Many people with autism entertain thoughts of suicide and yet show few obvious signs of their distress. Some scientists are identifying risks — and solutions — unique to autistic individuals.
Studies over the past few years hint that suicidal ideation is more common in people with autism than in the general population, but the estimates vary so widely that some experts say they are meaningless. Still, there is some evidence that autistic people are especially vulnerable to suicide: One 2015 study that mined Sweden’s large National Patient Registry found that they are 10 times as likely to die by suicide as are those in the general population. (Women with autism are particularly at risk, even though men are more so in the general population.)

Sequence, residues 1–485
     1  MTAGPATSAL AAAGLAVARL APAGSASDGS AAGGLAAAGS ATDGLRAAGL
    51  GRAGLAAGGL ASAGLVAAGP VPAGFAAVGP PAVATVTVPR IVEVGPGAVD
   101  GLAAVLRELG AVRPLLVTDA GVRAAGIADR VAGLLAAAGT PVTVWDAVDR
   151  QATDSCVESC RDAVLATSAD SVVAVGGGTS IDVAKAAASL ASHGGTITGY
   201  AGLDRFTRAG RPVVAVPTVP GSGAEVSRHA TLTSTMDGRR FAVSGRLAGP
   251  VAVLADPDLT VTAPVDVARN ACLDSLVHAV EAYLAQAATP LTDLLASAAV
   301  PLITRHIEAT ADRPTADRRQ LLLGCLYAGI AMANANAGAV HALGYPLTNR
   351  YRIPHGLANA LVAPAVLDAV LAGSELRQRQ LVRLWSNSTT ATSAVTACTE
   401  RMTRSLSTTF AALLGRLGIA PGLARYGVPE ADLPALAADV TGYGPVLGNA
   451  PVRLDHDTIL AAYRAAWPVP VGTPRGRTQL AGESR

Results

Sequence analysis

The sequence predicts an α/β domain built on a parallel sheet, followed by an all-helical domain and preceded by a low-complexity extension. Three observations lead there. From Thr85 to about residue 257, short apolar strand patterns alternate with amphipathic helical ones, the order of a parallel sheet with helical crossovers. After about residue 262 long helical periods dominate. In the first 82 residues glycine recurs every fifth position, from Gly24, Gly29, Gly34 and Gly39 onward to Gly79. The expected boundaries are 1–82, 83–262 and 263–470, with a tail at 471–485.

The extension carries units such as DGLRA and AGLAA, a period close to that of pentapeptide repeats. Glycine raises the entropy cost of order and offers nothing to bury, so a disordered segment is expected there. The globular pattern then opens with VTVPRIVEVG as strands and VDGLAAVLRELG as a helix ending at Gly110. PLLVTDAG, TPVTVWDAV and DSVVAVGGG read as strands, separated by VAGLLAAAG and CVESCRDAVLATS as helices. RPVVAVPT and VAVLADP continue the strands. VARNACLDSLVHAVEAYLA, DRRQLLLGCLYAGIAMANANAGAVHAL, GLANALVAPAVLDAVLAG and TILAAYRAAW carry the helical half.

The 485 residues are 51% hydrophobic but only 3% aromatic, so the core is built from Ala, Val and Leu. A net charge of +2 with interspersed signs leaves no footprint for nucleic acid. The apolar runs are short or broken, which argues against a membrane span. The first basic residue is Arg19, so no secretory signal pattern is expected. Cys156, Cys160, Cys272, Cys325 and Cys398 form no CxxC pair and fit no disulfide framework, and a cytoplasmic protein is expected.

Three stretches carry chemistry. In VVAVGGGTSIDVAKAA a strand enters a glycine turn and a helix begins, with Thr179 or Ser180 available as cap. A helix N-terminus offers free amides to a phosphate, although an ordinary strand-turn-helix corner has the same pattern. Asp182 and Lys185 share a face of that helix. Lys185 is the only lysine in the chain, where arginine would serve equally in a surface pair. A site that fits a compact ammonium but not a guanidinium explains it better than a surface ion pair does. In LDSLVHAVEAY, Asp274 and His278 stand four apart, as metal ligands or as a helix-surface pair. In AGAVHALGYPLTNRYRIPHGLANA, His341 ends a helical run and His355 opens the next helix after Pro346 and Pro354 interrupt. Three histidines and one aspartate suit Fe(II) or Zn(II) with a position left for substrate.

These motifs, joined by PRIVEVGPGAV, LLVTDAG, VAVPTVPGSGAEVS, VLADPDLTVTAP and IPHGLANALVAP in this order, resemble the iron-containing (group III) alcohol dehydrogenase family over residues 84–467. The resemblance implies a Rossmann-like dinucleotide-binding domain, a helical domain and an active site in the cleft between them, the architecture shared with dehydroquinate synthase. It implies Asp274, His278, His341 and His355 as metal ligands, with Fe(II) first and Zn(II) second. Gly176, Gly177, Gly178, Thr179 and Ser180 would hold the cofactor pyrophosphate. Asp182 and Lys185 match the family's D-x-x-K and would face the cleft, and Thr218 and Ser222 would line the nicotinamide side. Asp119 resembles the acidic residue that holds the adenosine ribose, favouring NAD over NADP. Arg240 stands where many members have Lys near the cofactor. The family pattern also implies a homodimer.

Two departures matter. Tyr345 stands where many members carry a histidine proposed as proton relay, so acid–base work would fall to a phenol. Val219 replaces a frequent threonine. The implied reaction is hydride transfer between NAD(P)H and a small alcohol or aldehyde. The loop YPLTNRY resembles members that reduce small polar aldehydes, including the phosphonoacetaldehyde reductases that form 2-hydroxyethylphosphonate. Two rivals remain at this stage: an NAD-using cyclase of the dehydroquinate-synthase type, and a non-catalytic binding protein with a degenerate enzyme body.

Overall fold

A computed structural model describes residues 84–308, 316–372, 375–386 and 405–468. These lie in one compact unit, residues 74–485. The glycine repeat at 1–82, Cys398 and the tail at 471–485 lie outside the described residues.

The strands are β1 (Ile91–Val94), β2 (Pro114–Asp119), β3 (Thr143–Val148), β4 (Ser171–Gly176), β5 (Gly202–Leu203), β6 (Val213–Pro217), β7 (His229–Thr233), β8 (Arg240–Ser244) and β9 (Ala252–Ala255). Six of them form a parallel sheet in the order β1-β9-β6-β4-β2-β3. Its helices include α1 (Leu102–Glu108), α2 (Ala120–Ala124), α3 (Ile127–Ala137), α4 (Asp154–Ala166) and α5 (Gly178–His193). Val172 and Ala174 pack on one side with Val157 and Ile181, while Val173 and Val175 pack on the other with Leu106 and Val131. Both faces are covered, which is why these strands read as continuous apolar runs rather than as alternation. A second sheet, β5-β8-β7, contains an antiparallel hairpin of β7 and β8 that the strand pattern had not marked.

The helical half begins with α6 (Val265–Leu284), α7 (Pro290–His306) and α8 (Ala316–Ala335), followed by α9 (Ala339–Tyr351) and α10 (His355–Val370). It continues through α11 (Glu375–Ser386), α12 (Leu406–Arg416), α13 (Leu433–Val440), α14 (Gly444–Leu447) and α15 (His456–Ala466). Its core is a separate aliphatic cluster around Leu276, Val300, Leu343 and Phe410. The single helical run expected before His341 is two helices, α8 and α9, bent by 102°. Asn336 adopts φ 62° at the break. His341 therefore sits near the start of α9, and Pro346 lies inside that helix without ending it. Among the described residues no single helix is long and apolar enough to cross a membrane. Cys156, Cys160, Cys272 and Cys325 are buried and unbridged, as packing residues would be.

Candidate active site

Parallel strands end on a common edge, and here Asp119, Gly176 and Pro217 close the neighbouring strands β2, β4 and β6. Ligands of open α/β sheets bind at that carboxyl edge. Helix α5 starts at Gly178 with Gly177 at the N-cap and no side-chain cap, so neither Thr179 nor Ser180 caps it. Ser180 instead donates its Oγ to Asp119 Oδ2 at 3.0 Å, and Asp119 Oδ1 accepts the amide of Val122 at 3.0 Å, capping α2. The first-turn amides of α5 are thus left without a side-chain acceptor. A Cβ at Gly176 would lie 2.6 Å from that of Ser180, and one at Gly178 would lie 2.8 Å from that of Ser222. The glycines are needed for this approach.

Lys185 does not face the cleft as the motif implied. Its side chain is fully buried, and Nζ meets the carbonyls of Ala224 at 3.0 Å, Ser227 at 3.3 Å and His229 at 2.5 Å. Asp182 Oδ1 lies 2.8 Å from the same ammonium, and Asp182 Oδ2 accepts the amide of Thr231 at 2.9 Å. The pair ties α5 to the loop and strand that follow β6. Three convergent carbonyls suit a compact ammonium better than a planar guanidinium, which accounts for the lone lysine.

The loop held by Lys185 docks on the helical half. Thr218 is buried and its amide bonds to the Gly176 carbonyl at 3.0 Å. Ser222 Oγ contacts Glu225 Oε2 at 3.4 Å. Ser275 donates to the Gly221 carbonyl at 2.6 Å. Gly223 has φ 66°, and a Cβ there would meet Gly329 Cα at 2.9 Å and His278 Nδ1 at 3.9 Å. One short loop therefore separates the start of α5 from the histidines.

Even when signs of suicidality are apparent, clinicians may dismiss them.